Like everyone, I’ve spent the week trying to wrap my mind around another senseless tragedy. My heart a swirl of emotions, I went from incredulity to anger to fear to sadness for the victims, especially for the Richards family—innocents who’ll bear the physical and emotional scars of that single moment in time for the rest of their lives.
But as someone blessed to have an older sibling who has looked out for me from the moment I slipped into the world, I couldn’t help being sad all over again when I read the description of the capture of Dzhokhar Tsarnaev, bloodied and broken, hiding in a boat that would never carry him to calmer seas.
Yes, he’s an adult—barely. Yes, he is the one who made the reckless decision to join his older brother’s descent into madness and hatred. But as someone who spent my childhood following my sister everywhere she would allow me to go and listening to her as she talked about what it was like to be the first of my grandparents’ 57 grandchildren to go to college, I can’t help feeling sorry for someone whose life went so terribly wrong because he followed in his brother’s footsteps.
And what of Tamerlan Tsarnaev? I can’t find it in me to understand him enough to feel sad for him. It makes me angry that he followed the logic of a religious extremism that says alcohol is forbidden but that mass murder is encouraged. How can any human being with a brain possibly accept such tenets of faith? It makes me furious that he lured his younger sibling, who worshipped him, into a fanaticism that urges its adherents to jihad.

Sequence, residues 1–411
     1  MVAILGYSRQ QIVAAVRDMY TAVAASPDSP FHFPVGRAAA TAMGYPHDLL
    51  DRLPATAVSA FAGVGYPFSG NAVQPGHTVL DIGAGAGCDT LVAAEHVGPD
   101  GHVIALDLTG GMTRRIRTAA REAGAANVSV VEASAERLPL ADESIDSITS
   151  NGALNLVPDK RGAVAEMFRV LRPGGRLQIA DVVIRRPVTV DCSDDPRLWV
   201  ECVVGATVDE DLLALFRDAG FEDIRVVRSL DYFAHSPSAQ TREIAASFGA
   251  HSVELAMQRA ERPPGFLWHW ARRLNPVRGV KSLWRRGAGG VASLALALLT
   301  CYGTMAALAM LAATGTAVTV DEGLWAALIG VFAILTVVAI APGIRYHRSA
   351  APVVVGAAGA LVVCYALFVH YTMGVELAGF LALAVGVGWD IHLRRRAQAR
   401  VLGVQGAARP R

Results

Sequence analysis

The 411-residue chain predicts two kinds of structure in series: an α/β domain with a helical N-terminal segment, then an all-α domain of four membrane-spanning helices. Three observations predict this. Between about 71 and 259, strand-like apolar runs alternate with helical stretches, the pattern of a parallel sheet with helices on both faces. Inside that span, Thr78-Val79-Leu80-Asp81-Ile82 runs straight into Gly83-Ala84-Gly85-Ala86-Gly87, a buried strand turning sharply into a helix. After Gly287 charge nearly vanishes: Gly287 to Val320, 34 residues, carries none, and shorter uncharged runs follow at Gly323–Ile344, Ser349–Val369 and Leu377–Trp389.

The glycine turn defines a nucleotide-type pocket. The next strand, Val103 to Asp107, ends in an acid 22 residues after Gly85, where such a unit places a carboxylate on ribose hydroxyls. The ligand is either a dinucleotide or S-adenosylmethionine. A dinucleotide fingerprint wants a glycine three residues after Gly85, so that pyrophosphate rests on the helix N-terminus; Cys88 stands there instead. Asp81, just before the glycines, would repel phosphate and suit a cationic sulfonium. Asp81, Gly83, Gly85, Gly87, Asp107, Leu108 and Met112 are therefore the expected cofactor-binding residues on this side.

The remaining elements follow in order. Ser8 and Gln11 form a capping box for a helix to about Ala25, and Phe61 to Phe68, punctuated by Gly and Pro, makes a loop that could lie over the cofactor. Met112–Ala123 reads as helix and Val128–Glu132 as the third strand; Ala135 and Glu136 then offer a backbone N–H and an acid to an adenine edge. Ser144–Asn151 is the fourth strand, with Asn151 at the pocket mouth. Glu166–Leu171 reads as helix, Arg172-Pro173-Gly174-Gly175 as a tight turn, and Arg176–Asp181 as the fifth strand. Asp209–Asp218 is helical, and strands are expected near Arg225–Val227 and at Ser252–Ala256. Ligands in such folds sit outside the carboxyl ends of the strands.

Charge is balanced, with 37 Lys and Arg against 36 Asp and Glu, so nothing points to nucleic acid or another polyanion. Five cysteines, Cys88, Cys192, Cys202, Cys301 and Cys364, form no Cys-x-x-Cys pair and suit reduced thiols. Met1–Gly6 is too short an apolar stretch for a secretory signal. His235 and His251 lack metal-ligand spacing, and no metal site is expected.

This morning I read an article in the Boston Globe that gave a glimpse into the lives of these two young men. And as always in these tragedies, we’re left with more questions than answers. How do we find and help such angry young people before they are helped by terrorists who feed on their rage and vulnerability?
How do we honor all faiths but expose extremists who commit atrocities in the name of God? How do we live in religious freedom but restrict the rights of fanatics who believe their faith justifies taking away the lives and freedoms of others?
I don’t know. But I do know that today I am especially grateful for an older sibling who has always, always taken care of me and wrapped me in love. And while I stopped following in her footsteps long ago—but well after I was 19—I’m thankful that if I did follow her, she would never have steered me wrong.
Here’s to all the big sisters and big brothers in the world who are like my sister Marcella.
Tell me your stories of gratitude to the siblings who came before you.